Sunset Golf Course in Middletown, Pa. will now have a links-style front nine to go with its more traditional parkland-style back nine, after tree work by Londonderry Township, which owns the course, that will also reduce a potential danger for airplanes approaching and departing the nearby Harrisburg International Airport.
A tree removal project at Sunset Golf Course in Middletown, Pa., will reduce a potential danger for airplanes approaching and departing the nearby Harrisburg (Pa.) International Airport (HIA), the Central Penn Business Journal reported, while also creating a unique “half-links” layout for the golf course.
The project will transform Sunset GC’s first nine holes into a links-style course, the Business Journal reported, while also improving aviation safety as HIA embarks on a multi-year rehabilitation of many of its runways.
Timothy J. Edwards, HIA’s Executive Director, told the Business Journal that most of the trees located along Sunset GC’s first nine holes had grown tall enough to pose safety hazards for air traffic.
So now, after the work is completed this winter by J&L Logging of Lancaster, Pa., for Londenderry Township, which owns Sunset GC, golfers visiting the course later in the 2017 season will have the opportunity to play two different styles of courses across its 18 holes, the Business Journal reported.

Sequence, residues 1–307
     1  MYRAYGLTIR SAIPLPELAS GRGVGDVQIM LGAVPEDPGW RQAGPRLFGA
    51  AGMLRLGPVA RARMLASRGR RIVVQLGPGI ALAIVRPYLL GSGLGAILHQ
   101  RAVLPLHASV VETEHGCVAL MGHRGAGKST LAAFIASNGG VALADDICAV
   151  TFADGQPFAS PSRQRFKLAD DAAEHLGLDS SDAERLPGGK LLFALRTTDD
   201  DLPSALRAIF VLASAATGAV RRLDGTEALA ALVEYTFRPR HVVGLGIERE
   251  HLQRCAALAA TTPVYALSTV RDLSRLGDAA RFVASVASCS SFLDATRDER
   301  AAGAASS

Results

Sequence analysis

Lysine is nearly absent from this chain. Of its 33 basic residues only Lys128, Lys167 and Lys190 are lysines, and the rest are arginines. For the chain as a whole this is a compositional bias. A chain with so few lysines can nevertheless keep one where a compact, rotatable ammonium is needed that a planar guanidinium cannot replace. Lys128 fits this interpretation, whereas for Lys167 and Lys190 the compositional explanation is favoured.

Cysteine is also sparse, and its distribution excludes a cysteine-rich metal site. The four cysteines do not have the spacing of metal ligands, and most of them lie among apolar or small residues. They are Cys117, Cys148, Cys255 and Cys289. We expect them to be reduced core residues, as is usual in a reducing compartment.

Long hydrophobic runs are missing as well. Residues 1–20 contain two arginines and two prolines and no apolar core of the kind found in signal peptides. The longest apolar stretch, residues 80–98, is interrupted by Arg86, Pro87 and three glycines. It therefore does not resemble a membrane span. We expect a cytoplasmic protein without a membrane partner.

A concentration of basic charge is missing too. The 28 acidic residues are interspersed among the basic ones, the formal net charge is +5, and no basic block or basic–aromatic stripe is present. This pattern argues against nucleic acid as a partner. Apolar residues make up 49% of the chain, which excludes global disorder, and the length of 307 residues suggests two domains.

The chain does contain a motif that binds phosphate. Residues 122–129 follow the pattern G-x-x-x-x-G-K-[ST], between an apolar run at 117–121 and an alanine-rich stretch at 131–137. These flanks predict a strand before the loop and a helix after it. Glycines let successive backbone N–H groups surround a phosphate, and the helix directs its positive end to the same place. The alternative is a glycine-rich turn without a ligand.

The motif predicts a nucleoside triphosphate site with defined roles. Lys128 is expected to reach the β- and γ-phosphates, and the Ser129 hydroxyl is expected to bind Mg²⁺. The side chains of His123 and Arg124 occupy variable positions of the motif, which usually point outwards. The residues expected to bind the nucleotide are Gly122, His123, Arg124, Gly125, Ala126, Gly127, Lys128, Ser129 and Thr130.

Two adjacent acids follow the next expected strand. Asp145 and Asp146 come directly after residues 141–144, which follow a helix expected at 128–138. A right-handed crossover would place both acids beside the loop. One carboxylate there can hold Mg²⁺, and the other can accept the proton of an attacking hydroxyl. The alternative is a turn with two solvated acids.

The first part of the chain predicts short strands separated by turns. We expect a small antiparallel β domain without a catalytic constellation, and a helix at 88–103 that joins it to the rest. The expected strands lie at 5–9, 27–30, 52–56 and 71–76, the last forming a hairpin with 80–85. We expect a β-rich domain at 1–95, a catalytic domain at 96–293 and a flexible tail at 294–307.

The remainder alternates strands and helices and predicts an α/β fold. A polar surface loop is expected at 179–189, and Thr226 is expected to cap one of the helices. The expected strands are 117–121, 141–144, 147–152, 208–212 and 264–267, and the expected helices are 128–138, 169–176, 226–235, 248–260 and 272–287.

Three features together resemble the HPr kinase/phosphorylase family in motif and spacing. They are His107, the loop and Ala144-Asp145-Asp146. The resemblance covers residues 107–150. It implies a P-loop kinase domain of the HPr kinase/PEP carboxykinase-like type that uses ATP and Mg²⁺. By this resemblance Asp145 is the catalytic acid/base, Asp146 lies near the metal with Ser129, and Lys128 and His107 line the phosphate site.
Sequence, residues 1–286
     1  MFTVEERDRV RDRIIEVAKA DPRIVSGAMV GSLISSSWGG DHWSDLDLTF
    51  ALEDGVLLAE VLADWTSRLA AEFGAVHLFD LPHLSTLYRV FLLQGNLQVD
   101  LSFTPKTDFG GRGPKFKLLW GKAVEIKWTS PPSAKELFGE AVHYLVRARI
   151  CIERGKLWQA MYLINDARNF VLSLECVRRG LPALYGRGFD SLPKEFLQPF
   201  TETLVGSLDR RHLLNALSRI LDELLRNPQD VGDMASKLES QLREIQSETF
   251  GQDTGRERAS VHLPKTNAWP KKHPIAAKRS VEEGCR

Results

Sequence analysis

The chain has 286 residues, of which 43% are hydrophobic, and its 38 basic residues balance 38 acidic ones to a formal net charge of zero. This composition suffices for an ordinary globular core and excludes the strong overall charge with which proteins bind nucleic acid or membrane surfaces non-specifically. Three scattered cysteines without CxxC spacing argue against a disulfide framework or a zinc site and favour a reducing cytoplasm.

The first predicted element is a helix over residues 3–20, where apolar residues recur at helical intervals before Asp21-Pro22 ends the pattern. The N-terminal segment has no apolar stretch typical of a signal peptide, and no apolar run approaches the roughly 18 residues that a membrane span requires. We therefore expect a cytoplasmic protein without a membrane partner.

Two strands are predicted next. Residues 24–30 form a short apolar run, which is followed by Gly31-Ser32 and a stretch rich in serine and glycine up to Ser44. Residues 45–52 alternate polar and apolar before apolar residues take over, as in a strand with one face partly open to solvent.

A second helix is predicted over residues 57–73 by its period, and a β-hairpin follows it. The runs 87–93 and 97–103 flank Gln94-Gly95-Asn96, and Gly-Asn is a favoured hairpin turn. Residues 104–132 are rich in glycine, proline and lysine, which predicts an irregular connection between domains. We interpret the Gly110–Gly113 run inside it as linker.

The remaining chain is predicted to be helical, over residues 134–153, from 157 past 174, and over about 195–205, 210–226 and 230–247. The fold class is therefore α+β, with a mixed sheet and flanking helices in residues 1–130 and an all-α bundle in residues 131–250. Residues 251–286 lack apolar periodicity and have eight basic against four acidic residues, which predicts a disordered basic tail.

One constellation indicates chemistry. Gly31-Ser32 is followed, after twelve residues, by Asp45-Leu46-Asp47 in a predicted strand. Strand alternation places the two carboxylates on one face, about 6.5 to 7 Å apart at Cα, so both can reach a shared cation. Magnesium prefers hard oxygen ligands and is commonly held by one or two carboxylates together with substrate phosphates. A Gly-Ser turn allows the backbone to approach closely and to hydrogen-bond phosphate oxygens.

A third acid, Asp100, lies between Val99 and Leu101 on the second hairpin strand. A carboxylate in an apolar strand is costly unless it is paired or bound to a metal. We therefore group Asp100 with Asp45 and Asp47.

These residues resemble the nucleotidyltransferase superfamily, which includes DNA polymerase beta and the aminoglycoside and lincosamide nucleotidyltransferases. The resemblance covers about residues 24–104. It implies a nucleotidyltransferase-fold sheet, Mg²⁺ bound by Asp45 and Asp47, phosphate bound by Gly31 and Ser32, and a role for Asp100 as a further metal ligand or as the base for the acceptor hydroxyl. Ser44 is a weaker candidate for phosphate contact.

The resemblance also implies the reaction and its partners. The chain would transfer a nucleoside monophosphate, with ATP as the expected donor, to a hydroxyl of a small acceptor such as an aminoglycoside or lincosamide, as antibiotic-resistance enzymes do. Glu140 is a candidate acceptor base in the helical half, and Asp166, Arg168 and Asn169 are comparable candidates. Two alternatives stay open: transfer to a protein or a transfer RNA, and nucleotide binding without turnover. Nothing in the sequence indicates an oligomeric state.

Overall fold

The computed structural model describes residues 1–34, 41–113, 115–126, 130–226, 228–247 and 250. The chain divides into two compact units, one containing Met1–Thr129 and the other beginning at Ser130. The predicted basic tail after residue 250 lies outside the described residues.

With the trees on the front nine gone, native grasses and native plantings will now surround the fairways and greens, along with new fairway sand bunkers. Following the tree removal, the course will undergo restoration work including new grassy areas, shrubbery, and an improved irrigation system. Completion is set for early in the second quarter, the Business Journal reported, depending on the weather.
The back nine, meanwhile, will remain a traditional tree-lined course.
“We feel the concept of getting to play a traditional course along with a links-style on the same property is pretty special,” course Superintendent Sam Risteff told the Business Journal.
Other cost-effective measures gleaned from the win-win-win project, the Business Journal reported, will include revenue earned for the township from hardwood and pulpwood harvesting, as well as from the harvesting of infected white ash trees.
The airport, meanwhile, will save more than $100,000 from the arrangement, the Business Journal reported. Absent the arrangement, it would have had to pay a contractor to remove and dispose of the trees, according to Scott Miller, HIA’s Deputy Director for Business Development and Strategic Marketing.